Bagby: The reaction was consistent with Baylor University administration’s history of supporting innovative ideas related to facilities management. We were among the first Texas universities to install co-generation capabilities on campus for generating electricity. So, we felt no resistance to the idea of enhancing that work. As a result of our cost-effective purchase of electricity and the support of Texas wind-farm financing, we are helping the environment while enjoying a low electricity rate. 

Coley: We started talking about business continuity planning at Berkeley more than 10 years ago, because our campus lives on an earthquake fault. We have been spending major dollars on seismic reinforcing of our buildings for 20 years. In 1997, our chancellor partnered with James Lee Witt, President Clinton’s FEMA director, in starting a nationwide program called Disaster Resistant Universities. Consequently, our campus has maintained a readiness for taking actions to minimize the impact of a disaster and reduce the recovery period.

If you could, what would you do differently to improve the process—from idea to implementation?

Bagby: I would have started the project coordination sooner. The process went remarkably well, considering that so many players took part in the development and implementation of the electrical energy purchase. The idea for this project was born of necessity. Our electricity rates were increasing, and we recognized the need to focus on conservation and procurement strategies to reduce our exposure to future budget shortfalls. Identifying the stakeholders and pulling them together right away to focus on the task at hand would have moved things along even faster.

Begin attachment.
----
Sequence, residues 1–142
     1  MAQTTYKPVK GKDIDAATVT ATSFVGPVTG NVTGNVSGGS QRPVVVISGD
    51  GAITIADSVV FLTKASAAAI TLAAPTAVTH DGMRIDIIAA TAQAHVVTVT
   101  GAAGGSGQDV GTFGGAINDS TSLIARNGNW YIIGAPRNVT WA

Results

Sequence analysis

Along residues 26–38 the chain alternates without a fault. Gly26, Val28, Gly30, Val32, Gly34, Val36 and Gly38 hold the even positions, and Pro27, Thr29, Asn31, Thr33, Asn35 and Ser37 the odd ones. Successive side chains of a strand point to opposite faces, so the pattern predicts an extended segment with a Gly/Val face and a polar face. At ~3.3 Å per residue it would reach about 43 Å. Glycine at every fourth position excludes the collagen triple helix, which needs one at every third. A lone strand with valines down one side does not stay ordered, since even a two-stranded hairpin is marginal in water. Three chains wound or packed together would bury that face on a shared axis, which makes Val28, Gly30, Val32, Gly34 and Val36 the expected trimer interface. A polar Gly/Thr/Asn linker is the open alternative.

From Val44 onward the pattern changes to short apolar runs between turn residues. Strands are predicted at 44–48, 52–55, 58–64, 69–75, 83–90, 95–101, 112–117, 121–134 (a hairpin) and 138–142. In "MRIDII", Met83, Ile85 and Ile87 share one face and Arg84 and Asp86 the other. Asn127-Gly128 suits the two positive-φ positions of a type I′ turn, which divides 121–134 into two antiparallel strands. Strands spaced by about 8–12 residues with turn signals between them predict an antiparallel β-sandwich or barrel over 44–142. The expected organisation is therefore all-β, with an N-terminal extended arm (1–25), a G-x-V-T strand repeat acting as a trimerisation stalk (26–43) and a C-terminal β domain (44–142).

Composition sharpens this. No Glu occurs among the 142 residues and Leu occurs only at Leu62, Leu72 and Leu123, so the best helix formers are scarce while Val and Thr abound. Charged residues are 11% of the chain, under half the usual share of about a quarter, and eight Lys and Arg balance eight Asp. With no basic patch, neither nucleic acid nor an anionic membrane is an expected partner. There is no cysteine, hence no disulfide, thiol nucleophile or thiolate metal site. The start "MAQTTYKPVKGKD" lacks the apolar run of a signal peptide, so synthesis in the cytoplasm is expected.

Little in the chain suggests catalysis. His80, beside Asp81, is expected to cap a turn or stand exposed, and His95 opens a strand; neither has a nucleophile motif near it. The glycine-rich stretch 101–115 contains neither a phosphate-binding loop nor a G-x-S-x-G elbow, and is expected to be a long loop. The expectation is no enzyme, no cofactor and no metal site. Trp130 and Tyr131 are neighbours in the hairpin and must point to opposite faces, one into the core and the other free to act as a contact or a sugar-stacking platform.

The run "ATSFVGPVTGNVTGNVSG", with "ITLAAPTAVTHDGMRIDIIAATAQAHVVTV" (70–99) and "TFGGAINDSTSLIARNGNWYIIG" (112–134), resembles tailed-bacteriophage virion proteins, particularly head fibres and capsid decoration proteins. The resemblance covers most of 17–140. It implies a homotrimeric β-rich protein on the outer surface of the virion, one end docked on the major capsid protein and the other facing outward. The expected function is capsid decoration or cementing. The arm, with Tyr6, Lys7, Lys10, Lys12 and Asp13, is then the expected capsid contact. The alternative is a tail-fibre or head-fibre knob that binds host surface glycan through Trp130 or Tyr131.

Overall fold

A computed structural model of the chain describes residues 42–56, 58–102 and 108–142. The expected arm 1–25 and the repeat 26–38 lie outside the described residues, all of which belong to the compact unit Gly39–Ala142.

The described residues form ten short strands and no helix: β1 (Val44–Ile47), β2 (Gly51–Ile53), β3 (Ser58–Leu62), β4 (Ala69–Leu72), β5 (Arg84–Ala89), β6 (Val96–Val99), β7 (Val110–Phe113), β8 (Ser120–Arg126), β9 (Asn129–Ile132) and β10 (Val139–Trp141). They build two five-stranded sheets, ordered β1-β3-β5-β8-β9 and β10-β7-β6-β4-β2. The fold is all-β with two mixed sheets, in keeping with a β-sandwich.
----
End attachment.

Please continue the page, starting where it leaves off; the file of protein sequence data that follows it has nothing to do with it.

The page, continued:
Coley: Nothing really comes to mind. We gave this question continuous thought throughout the process and took corrective action in every instance at which we thought improvement was possible. I’d suggest using this technique to keep projects moving while adjusting to changes along the way.

>>>Conversation Starter
What processes or attitudes at your institution or in your department encourage people to think differently? What specific ideas have led to solutions or improvements?
E-mail: carole.schweitzer@nacubo.org

Kreidler: We could have included more stakeholders earlier in the process. We would have greatly increased the efficacy and efficiency of our early programs had we included external stakeholders like the City of Edmond Urban Forestry Board, the local Sierra Club chapter, and Keep Oklahoma Beautiful. Each of them has subsequently become an important resource for our efforts. We made a poor assumption that our on-campus efforts were only important to our students, faculty, and staff. We found that many other stakeholders care about our efforts to leave behind a better planet.

How can business officers obtain buy-in from stakeholders for innovative ideas?

Coley: When seeking endorsement from all interested parties, business officers must become adept at making a persuasive business case for their creative ideas. Would-be innovators must persuade stakeholders of the value proposition for any innovation.

Kreidler: A simple answer: Don’t ever take personal credit for innovative ideas.

MARGO VANOVER PORTER, Locust Grove, Virginia, compiled and edited this article for Business Officer.